Thijs Kruisselbrink Myriam Aries Alexander Rosemann


Various applications in building lighting such as automated daylight systems, dynamic lighting control systems, lighting simulations, and glare analyzes can be optimized using information on the actual luminance distributions of the surroundings. Currently, commercially available luminance distribution measurement devices are often not suitable for these kind of applications or simply too expensive for broad application. This paper describes the development of a practical and autonomous luminance distribution measurement device based on a credit card-sized single-board computer and a camera system. The luminance distribution was determined by capturing High Dynamic Range images and translating the RGB information to the CIE XYZ color space. The High Dynamic Range technology was essential to accurately capture the data needed to calculate the luminance distribution because it allows to capture luminance ranges occurring in real scenarios. The measurement results were represented in accordance with established methods in the field of daylighting. Measurements showed that the accuracy of the luminance distribution measurement device ranged from 5% to 20% (worst case) which was deemed acceptable for practical measurements and broad applications in the building realm.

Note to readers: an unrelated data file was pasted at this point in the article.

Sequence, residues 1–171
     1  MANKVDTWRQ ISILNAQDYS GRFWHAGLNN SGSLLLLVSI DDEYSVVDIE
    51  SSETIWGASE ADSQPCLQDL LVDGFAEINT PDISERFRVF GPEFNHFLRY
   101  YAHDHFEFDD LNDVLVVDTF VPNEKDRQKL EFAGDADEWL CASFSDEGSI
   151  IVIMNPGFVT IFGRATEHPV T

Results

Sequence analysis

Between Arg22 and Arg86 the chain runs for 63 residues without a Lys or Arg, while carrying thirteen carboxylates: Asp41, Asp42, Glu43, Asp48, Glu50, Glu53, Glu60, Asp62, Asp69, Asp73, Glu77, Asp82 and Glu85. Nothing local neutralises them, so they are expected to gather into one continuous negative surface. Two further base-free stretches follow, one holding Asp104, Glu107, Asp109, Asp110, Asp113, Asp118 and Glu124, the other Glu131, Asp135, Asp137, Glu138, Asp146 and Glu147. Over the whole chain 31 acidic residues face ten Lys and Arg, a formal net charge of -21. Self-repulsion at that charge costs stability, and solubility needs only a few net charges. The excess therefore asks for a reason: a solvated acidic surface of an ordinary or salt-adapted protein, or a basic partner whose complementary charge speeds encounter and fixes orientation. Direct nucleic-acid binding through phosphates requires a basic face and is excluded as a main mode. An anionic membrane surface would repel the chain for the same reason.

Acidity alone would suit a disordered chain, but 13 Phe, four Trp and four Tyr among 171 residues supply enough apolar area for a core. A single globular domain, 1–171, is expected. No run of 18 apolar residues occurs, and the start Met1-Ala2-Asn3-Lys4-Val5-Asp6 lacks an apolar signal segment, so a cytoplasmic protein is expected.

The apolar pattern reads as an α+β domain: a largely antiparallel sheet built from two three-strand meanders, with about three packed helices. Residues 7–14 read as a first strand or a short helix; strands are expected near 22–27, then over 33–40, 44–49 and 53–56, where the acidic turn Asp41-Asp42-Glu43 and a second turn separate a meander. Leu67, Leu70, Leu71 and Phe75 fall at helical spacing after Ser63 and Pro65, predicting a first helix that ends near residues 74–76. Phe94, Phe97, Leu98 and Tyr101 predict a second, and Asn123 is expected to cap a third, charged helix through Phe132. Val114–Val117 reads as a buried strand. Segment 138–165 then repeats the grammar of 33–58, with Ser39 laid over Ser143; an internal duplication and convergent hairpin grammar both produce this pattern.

How to Cite
KRUISSELBRINK, Thijs; ARIES, Myriam; ROSEMANN, Alexander. A Practical Device for Measuring the Luminance Distribution. International Journal of Sustainable Lighting, [S.l.], v. 19, n. 1, p. 75-90, june 2017. ISSN 2586-1247. Available at: <http://lightingjournal.org/index.php/path/article/view/76>. Date accessed: 24 july 2017.